Altered perceptions

As I walked to work this morning, I looked by my left shoulder at the low winter sun haloed behind a solid wall of pearly cloud. My gaze lingered on it. It was a pretty sight, and there was something almost classically symmetrical about it. It was cold. Glove weather, I thought as I pulled a pair of cotton gloves on. The cold stung my face, and it seemed the coldest it had been yet this year. I pulled my coat close to me and went the same way as I did every day. I listened to my iPhone and cast sleepy looks at the familiar pedestrians heading towards the train or tram or school. I said my hellos at work, booted up my PC, checked my email, and then went across the road to get my coffee. For all the small variations, this has been the pattern for months on end. Everyone has a pattern.

Sometimes the pattern becomes disrupted. It needn’t necessarily be something within it that changes – the way to work, a different coffee shop, etc. Sometimes the change is within you so that you find yourself perhaps seeing things differently or perhaps seeing what your eyes had previously slipped by. It’s not that there is a sudden fascination in these things; rather, something has been shifted – been given cause to shift – by other things. For me, those other things right now relate to my mother. Late yesterday afternoon, she saw her specialist to get the results of the tests she had last week. It was meant to become a lot clearer. This was the drum-roll moment, so we thought when we would discover how serious the cancer was and what the prognosis is.

We got little of that. I wasn’t there, unfortunately, and so I only have second-hand reports from those who were. Most of the information was relayed in dribs and drabs, and much of what has been reported to me seems puzzling and sometimes contradictory. Right now, we have no clear idea of what the situation is.

I don’t know if Mum forgot the important stuff or didn’t ask the right questions; or if the doctor was deliberately opaque, as they are apt to be, in matters of life and death. It is frustrating and inconclusive when we hoped to get something more definite, even if it was to be bad. It’s the unknowns that drag you down ultimately, but then I guess for all of modern science, there are still variables and contingencies that add up to a lot of scientific unknowns. Something like this, a doctor doesn’t want to commit too much lest he raises hopes falsely or dashes them. It isn’t an exact science, we know that, but I would like to have the boundaries marked: best case, worst case, most likely.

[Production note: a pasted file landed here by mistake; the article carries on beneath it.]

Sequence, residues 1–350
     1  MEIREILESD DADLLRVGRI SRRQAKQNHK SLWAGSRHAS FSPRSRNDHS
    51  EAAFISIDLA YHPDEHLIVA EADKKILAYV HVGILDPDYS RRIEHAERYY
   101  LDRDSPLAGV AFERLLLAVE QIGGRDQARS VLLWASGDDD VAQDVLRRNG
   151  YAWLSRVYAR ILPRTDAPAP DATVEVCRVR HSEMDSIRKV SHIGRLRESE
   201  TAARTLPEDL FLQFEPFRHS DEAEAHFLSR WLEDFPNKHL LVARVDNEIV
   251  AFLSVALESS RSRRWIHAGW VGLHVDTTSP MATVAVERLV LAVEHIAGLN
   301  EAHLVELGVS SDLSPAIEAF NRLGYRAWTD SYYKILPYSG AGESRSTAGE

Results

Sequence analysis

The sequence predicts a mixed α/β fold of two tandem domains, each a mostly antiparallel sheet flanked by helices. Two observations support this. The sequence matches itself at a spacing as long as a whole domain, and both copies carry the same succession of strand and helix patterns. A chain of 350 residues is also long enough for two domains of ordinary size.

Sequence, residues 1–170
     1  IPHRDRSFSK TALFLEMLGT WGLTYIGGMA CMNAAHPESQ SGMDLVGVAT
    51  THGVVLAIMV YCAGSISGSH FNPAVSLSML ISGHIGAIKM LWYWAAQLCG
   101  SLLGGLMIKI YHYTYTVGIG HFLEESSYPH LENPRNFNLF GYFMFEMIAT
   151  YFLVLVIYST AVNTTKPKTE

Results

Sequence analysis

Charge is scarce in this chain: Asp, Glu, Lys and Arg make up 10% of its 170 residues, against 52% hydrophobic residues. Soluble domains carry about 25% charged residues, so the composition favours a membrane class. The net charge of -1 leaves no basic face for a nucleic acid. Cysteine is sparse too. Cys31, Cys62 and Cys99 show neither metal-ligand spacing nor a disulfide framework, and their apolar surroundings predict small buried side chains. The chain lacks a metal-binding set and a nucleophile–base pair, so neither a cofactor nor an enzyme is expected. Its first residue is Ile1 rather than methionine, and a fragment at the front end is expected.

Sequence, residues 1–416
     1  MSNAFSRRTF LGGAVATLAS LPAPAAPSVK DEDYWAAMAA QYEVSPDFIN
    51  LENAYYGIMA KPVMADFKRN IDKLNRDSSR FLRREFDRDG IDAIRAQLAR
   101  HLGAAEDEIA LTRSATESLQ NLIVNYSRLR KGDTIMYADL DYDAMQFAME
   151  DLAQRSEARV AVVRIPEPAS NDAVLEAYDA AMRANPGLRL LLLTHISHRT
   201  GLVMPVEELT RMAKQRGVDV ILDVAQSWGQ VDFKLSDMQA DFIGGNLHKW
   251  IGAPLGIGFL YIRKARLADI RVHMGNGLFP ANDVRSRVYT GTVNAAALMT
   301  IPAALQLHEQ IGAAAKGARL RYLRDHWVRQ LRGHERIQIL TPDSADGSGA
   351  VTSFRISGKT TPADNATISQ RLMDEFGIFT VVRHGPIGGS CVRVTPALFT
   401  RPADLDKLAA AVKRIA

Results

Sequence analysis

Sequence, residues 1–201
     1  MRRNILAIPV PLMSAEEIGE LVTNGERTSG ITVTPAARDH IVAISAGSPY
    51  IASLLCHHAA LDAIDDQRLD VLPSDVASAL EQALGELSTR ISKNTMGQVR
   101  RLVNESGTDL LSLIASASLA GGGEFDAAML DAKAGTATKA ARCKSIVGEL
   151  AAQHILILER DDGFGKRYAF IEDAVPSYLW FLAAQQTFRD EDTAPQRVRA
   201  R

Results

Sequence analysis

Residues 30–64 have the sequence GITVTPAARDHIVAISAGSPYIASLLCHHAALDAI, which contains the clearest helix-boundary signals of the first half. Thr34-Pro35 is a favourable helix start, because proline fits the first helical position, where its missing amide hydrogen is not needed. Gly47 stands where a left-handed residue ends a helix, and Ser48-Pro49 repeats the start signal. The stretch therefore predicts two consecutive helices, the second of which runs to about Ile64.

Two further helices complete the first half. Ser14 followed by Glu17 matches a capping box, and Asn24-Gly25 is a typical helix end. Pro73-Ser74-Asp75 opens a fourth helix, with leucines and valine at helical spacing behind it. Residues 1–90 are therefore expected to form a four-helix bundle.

In all of this is a personal experience. Over the journey, I know of seven family members who have had cancer. That history informs your thinking and your expectations. I try to guard against that: every case is different, after all. Still, in my experience, the score-line reads 7 zip to cancer. In every instance, it has been relatively quick, if rarely pretty. And so potentially, I believe the worst because that is my experience. It’ll get you every time.

I’ve read a lot online, and whilst it has been informative, it has also been frustrating. There are clear questions I would like to ask so that I could make my own assessment at the very least. I regret now not having joined mum yesterday, but she said she had it covered. I’ll be there next week when she visits the oncologist.

So, what do we know? When asked, the doctor said her cancer was ‘advanced’ – what stage that is, I don’t know. There are two tumours. A smaller one in her bowel and another about the size of a golf ball in the lining of her stomach. That poses the question as to what the primary cancer is. And whether that means her cancer has metastasised, which would be bad news. According to mum, he wants to treat her with 3 months of daily radiotherapy and weekly lots of chemo. It doesn’t sound fun, but he told mum that it won’t be too intrusive. At the end of 3 months, they’ll make a call on surgery, which is the last resort given the invasive nature of it and the consequences. When asked for a prognosis, he said it depended on the person: that one person might die next week and another go on indefinitely. It was a frustratingly enigmatic response. Most tellingly, perhaps he said on parting that she should get her affairs in order. That’s sensible advice and maybe no more than that; it may also be an indication of things to come.

We’ll know more when we meet with the oncologist next week. I’ll be asking all these questions then and hoping for something more definite. I expect he’ll be more forthcoming as he’ll be running the show from here on in. For now, after the initial shock, you settle into a kind of accepting nether land. You wonder, you hope, but in the absence of anything definite, you try and keep an open mind. Still, the mind shuttles backwards and forwards of its own accord and alters ever so subtly your perception of the world around you.

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